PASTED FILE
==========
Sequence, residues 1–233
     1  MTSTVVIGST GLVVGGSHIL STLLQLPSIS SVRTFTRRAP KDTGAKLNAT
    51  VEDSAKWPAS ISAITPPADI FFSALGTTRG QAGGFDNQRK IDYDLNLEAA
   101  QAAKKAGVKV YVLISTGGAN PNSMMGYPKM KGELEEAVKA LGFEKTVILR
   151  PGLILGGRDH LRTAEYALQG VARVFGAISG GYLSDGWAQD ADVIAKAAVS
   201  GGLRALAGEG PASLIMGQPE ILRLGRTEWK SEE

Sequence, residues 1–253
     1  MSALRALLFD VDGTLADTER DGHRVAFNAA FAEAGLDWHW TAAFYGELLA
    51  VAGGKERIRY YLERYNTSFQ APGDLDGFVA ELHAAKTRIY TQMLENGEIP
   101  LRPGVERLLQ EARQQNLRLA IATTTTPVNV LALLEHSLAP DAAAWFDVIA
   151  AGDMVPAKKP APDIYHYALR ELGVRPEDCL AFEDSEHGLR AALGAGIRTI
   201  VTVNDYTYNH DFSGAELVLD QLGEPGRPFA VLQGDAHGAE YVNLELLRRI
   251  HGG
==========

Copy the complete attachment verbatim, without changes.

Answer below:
Sequence, residues 1–233
     1  MTSTVVIGST GLVVGGSHIL STLLQLPSIS SVRTFTRRAP KDTGAKLNAT
    51  VEDSAKWPAS ISAITPPADI FFSALGTTRG QAGGFDNQRK IDYDLNLEAA
   101  QAAKKAGVKV YVLISTGGAN PNSMMGYPKM KGELEEAVKA LGFEKTVILR
   151  PGLILGGRDH LRTAEYALQG VARVFGAISG GYLSDGWAQD ADVIAKAAVS
   201  GGLRALAGEG PASLIMGQPE ILRLGRTEWK SEE

Sequence, residues 1–253
     1  MSALRALLFD VDGTLADTER DGHRVAFNAA FAEAGLDWHW TAAFYGELLA
    51  VAGGKERIRY YLERYNTSFQ APGDLDGFVA ELHAAKTRIY TQMLENGEIP
   101  LRPGVERLLQ EARQQNLRLA IATTTTPVNV LALLEHSLAP DAAAWFDVIA
   151  AGDMVPAKKP APDIYHYALR ELGVRPEDCL AFEDSEHGLR AALGAGIRTI
   201  VTVNDYTYNH DFSGAELVLD QLGEPGRPFA VLQGDAHGAE YVNLELLRRI
   251  HGG